Under federal law, school districts must provide fee waivers, free lunches and any other assistance homeless students might need to attend school. Districts must also immediately enroll homeless students and make sure they know they can enroll in their original school.
The federal McKinney-Vento Homeless Education Assistance Act of 1987 became part of the No Child Left Behind Act in 2001. Illinois has its own law, the Education for Homeless Children Act of 1994, which includes specific procedures for resolving any disputes that arise.
In 1992 the Chicago Coalition for the Homeless filed a lawsuit against Chicago Public Schools stemming from provisions in the federal and state law. The suit was settled in 1997 with a consent decree governing how CPS will provide services to homeless students. The coalition went back to court in 1999 alleging the district was not complying with the decree; that case was settled in 2000.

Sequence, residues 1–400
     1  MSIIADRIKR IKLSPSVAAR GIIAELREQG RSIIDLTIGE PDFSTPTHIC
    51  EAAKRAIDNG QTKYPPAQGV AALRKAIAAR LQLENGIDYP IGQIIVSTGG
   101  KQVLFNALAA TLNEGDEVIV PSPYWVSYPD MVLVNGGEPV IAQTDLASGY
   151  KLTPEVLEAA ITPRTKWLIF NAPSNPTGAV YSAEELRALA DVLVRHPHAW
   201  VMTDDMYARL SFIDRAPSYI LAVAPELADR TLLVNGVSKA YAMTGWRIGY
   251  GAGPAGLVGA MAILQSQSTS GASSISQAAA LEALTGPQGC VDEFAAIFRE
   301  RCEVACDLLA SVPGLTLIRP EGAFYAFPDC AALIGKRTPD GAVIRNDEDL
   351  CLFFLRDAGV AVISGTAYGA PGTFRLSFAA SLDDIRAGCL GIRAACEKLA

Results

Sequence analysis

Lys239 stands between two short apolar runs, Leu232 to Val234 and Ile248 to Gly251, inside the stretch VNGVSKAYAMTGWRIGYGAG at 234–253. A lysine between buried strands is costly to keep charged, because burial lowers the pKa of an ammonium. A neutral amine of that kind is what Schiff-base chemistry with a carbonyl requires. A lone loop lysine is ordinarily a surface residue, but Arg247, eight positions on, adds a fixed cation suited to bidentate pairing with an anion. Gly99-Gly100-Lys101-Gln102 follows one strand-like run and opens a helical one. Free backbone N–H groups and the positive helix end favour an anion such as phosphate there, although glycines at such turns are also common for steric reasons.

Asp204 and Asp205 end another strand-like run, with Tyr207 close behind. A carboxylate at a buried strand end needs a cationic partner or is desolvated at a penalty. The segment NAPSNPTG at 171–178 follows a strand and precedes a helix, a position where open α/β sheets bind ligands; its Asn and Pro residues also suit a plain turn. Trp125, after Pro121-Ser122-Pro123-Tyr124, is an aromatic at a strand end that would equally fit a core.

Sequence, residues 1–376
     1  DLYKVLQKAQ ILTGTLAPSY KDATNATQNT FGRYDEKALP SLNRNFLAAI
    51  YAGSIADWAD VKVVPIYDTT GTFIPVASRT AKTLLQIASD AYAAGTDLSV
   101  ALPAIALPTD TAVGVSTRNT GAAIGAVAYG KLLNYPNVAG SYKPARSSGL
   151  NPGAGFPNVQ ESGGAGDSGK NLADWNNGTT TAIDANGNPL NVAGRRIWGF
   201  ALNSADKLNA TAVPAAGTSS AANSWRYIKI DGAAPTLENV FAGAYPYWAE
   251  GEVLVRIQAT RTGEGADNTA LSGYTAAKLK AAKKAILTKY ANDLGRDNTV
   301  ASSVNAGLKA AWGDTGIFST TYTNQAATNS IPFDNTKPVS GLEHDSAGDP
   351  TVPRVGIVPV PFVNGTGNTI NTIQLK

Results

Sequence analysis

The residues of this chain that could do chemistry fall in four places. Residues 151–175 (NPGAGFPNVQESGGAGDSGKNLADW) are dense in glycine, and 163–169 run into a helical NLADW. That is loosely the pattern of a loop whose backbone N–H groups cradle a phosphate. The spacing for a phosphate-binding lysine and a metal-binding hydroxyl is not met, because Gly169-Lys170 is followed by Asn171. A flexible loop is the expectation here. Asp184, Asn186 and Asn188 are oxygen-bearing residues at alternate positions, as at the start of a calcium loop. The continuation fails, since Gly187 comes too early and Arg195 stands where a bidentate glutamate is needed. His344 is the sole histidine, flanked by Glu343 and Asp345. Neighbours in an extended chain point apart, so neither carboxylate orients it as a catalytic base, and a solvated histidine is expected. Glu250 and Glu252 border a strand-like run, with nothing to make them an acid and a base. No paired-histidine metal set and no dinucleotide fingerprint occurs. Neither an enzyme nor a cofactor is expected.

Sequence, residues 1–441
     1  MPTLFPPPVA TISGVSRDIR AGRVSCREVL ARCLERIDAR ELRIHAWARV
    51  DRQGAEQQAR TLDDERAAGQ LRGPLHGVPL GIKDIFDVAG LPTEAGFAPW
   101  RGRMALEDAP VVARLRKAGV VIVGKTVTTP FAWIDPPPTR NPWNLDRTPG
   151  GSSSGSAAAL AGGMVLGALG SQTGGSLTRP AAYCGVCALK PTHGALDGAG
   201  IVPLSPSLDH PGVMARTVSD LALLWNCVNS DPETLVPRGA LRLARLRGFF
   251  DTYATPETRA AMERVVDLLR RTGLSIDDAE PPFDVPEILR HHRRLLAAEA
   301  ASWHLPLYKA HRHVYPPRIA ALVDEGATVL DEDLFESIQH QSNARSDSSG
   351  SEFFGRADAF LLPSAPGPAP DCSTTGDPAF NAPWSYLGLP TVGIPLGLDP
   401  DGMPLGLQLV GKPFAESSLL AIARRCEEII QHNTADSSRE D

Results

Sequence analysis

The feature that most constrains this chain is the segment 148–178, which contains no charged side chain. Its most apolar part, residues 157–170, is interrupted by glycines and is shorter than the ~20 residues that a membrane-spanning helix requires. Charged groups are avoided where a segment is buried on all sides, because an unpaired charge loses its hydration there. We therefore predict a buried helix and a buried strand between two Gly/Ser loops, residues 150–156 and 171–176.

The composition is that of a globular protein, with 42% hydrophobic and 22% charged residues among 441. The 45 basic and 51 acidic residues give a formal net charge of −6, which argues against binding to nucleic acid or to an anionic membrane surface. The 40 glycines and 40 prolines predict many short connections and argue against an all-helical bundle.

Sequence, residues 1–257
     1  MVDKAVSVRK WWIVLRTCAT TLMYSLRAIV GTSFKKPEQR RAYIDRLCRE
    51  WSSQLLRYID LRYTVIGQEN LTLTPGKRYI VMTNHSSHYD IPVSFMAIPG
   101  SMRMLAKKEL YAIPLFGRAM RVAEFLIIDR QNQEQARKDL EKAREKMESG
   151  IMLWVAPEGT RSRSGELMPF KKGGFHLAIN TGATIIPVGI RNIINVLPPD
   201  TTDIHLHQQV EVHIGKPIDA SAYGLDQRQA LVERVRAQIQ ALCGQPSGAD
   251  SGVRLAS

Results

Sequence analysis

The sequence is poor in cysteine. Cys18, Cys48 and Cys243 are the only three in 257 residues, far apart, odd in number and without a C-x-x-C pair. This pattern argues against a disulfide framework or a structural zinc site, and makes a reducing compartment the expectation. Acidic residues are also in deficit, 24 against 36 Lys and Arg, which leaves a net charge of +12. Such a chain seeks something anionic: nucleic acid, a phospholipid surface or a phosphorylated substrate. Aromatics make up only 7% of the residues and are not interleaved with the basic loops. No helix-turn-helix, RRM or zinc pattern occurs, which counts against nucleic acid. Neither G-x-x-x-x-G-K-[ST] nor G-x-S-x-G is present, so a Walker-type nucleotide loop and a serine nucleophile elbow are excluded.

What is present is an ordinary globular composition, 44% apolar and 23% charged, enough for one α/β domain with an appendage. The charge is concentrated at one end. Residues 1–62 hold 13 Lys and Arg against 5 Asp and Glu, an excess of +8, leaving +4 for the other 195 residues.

According to Rene Heybach, attorney for the Chicago Coalition, the decree requires the district to:
Provide transportation for homeless students to their schools of origin. Busing is provided for students in 6th grade and younger; older students receive CTA fare cards.
Ensure that students receive appropriate fee waivers;
Provide tutoring for those in need. Rivera says her office’s tutoring program currently serves about 300 students at 13 schools.
Train the homeless liaisons and clerks at schools, as well as principals, to serve homeless students.
Inform families of the services available to them and of their right to dispute.
Although the consent decree does not specifically require it, Pat Rivera, manager of CPS’ Homeless Education Program, says the system also refers families to public aid programs if needed; offers parent education in shelters; and works to find donations of books, school supplies and clothing.